The best evidence that more time in the task positive mode leads to durable psychological change comes from research on mindfulness meditation. Meditation results in more openness and less anxiety and neuroticism. Brain scan studies find that meditation reduces default mode activation and activity in the amygdala, a nucleus in the emotional brain that mediates fear and anxiety. The brain begins to change in these ways with just a few minutes of meditation a day and then changes permanently with years of regular meditation.
Meditation teachers have observed how mindfulness increases connection with nature and supports managing fear, facing the truth, and being more compassionate in conversations. Empirical psychological studies consistently find an association between openness and pro-environmental attitudes. Studies have also found that fear motivates concern about global warming but this does not mean that environmentalists are more fearful in general. If anything, just the opposite is the case. General, chronic fear and anxiety, on the one hand and open-mindedly recognizing specific dangers, on the other, can be two very different things. While the first is likely to be associated with denial and delusion, the second entails mental toughness and realism. What we describe as “fearlessness” is not ordinarily the absence of fear. Rather, it is better described as “courage,” that is, an ability to recognize real danger and then do something about it. And this can be the effect of mindfulness practice, whether in the form of meditation per se or outdoor movement that demands focus and commitment.
During meditation, focus on the breath soon gives way to a wandering mind—to what Buddhists call “the monkey mind.” As one notices this happening, one returns to the breath. Gradually, one trains the mind to spend more time in a detached open awareness and less time in the default mode. Gravel riding along with endurance running, surfing, and rock climbing involves this same process. When riding gravel and especially when racing, we focus intently on what we are doing, but then our minds wander and we are lost in thought. “Shit!” We have hit a pothole or loose gravel and are suddenly back in the real world, like when a dozing student of Zen meditation gets whacked with a bamboo stick and wakes up.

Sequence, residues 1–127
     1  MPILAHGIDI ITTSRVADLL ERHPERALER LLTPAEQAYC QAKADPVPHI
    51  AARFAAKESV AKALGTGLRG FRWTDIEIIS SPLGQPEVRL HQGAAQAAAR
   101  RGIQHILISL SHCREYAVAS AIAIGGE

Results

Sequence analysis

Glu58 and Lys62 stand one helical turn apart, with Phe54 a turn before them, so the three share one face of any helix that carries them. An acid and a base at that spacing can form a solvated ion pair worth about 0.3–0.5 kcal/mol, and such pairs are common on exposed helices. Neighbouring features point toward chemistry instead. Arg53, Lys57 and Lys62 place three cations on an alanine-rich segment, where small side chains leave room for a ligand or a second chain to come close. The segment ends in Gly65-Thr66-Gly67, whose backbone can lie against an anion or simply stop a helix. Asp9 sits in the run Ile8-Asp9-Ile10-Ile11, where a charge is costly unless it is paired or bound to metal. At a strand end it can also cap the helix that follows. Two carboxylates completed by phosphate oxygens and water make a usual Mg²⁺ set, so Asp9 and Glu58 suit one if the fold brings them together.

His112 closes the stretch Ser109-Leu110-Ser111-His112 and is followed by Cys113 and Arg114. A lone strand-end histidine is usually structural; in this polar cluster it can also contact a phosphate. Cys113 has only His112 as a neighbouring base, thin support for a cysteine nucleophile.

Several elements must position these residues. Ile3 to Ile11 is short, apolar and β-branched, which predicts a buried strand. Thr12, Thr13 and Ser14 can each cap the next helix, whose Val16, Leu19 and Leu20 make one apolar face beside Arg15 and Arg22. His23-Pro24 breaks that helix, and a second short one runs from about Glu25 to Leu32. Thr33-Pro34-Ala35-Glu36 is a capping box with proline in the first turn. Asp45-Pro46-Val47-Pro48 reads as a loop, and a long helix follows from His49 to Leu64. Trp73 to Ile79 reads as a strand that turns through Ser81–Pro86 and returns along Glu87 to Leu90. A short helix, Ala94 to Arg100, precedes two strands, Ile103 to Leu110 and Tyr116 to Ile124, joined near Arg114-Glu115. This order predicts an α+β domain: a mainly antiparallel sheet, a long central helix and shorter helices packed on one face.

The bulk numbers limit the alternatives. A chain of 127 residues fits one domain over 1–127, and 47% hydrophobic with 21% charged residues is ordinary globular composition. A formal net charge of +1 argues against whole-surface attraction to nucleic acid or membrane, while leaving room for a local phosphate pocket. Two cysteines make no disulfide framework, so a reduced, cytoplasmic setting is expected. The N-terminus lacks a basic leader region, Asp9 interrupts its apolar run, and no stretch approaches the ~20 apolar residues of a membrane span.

Occasionally, we enter into “flow” states, aspects of the task positive mode. In flow, mental and physical effort seems smooth and effortless. The University of Chicago psychologist Mihaly Csikszentmihali (pronounced chick-sent me-high) and his colleagues asked people around the world what made them happy. Again, and again, they described experiences of intense focus, commitment, and engagement, where action and thought occurred easily, where the self was lost in absorption, where time seemed to stand still, and where the present moment was satisfying all by itself. The interviews showed that such experiences happen when challenge and risk demand all-out effort and full use of acquired skills; when there is moment to moment feedback that keeps one glued to the present moment; where body and mind become one; and where there is a sense of mastery. Meditation and adventure sports like climbing and endurance cycling can take us to the same place. In meditation one learns to encompass disturbing thoughts, even trauma, with calm, open awareness. Similarly, in gravel racing, we stay focused and committed despite risk of crashing and despite being way out of our usual comfort zones.
A pitfall in meditation and adventure sports is how they can become another form of self-absorption and another form of escape. The personal achievement and happiness associated with transcending the self can become, paradoxically, an emotional refuge or just another form of feeling special and superior. There is a place for refuge and feeling good about ourselves, but do we want them to get in the way of showing up? Flow and awakening increase happiness but arguably better than happiness per se is calm awareness that copes with everyday life just as it is, hard and difficult as it can be or might become. For the old bodhisattvas of ancient China, being on the path to enlightenment and helping others along the way were more important than nirvana. The aim was not so much happiness as courage, openness, and compassion one moment at a time.
This, I think, is the mindset we need to cultivate for the struggle ahead. In the second verse of his thirty-seven practices of a bodhisattva, Zongpo wrote: